- International cooperation on IFFs
Developed countries can take action on IFFs in four ways: providing technical assistance; building understanding; strengthening their own anti-money laundering practices at home; and acting on specific cases through legal cooperation or sanctions. At the same time it is critical to ensure that anti-money laundering regulations do not push costs onto the poor, making it harder and more expensive for migrants to make remittances, non-profit organisations to assist in emergencies, and small and medium-sized firms to access financial services.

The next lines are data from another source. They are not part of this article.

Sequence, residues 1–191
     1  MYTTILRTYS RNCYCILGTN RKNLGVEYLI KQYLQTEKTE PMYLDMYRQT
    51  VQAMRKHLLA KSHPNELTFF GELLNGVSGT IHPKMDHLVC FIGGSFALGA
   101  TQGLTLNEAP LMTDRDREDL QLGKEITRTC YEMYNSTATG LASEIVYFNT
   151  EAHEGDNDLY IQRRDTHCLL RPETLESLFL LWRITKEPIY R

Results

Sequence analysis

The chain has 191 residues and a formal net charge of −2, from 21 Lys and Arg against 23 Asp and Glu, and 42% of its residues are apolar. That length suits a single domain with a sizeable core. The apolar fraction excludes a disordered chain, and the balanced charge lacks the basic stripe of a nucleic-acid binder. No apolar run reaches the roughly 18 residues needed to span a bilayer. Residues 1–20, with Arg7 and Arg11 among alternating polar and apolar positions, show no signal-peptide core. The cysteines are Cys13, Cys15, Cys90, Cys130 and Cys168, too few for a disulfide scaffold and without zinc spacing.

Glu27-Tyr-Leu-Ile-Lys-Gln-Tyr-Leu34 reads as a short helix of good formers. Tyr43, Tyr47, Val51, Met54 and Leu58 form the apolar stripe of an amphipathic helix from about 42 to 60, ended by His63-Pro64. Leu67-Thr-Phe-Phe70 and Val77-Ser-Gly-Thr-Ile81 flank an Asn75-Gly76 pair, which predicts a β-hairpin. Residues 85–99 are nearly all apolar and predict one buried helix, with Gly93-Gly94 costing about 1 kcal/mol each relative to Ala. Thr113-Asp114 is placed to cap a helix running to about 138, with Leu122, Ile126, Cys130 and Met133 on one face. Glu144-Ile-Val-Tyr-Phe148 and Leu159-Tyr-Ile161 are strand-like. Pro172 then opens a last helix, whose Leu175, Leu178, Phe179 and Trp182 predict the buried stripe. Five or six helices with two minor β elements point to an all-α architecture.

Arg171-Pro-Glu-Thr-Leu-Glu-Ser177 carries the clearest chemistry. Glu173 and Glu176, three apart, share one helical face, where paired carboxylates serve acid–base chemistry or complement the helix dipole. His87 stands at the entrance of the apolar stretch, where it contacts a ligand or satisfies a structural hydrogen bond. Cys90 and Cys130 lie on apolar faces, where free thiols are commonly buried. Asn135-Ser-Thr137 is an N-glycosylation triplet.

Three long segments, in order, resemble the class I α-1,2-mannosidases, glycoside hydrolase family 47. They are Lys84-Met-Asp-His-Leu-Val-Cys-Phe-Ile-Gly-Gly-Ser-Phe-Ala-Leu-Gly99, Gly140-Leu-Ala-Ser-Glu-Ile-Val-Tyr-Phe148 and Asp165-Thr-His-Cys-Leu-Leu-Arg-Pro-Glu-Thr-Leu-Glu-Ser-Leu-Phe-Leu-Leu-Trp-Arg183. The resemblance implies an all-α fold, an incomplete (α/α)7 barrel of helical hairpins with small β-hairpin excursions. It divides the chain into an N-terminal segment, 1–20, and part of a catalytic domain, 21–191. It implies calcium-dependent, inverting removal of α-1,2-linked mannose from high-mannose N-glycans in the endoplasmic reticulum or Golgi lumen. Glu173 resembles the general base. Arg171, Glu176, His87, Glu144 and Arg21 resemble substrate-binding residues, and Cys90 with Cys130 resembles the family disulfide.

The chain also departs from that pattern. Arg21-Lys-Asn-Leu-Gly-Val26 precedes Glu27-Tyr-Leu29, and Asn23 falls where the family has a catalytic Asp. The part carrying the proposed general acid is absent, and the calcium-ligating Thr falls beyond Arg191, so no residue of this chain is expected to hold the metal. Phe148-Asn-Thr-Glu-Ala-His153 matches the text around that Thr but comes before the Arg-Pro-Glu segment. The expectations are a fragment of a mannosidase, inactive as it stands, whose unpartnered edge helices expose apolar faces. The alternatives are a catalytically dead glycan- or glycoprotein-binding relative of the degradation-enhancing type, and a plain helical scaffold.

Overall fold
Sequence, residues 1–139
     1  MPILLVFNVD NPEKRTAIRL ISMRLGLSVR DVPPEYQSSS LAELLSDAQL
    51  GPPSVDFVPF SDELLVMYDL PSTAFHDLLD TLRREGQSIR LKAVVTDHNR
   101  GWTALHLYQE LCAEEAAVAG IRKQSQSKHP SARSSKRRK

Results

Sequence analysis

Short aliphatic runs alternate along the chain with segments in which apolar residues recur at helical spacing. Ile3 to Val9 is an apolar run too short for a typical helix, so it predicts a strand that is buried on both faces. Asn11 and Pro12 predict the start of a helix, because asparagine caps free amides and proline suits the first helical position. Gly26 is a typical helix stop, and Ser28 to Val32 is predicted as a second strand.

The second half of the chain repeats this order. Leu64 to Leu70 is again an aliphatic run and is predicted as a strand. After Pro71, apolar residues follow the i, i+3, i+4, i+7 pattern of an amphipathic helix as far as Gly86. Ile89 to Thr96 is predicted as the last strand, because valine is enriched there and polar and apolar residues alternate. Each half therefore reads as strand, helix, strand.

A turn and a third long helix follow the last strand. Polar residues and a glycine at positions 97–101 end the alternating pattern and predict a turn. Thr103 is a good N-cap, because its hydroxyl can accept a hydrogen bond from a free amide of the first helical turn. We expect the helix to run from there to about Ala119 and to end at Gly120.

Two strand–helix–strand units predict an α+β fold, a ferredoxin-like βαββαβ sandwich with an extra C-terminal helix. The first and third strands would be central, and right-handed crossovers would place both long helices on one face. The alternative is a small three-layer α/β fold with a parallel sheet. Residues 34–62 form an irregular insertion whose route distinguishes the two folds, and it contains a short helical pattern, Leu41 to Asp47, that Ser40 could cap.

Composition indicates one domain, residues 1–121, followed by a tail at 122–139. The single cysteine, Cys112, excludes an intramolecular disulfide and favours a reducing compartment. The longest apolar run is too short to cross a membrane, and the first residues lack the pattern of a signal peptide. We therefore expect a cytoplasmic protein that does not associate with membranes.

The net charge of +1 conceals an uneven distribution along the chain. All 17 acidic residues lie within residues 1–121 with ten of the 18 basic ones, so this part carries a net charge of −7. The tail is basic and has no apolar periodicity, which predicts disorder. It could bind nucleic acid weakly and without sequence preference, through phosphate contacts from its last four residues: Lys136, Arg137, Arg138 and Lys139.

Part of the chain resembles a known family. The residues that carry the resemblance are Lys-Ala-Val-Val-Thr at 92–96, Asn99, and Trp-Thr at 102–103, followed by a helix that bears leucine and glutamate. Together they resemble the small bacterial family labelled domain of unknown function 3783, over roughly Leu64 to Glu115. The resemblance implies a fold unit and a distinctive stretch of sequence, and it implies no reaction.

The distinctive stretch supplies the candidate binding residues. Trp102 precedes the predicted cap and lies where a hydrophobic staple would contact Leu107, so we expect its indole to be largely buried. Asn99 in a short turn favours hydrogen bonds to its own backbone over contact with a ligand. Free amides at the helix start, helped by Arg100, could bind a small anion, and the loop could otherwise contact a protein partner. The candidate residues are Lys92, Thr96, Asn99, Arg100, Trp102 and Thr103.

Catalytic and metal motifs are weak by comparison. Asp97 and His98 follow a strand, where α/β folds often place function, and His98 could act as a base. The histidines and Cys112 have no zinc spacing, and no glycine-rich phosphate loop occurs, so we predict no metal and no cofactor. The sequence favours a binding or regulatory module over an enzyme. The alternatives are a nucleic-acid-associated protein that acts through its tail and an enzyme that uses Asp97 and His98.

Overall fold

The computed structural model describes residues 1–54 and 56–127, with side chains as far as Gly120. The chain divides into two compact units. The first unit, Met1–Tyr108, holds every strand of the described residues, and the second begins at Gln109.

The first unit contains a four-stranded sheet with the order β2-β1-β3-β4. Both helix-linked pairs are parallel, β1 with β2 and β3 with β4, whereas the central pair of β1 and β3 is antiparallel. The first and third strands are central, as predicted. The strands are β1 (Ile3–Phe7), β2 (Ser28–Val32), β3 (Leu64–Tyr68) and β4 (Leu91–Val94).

International economic and financial crime has not traditionally been a priority area of work for development agencies. However, this is changing with increased focus on IFFs. The Norwegian government has championed action on IFFs through diplomacy, supporting research and civil society coalitions, and aiding capacity building on tax administration and anti-corruption in partner countries. Since 2006, the UK’s Department for International Development (DFID) has assisted specialist police units in tracing, seizing, and returning the fruits of grand corruption and to investigate bribery abroad, and provided technical assistance to tax authorities combatting tax evasion. At the same time a law on ‘unexplained wealth orders’ was established allowing assets to be frozen on suspicion of corruption. Germany has an inter-ministry committee on IFFs to coordinate cross-government action. It assists authorities in countries such as Kenya and Peru to detect and trace IFFs and to engage internationally to secure the return of stolen assets. Donors and international organisations have also supported country studies to better understand the channels and drivers of IFFs, for example, in Malawi and Namibia; West Africa; and Kyrgyzstan, Tajikistan, Afghanistan, Pakistan, India, Nepal, Bangladesh and Myanmar.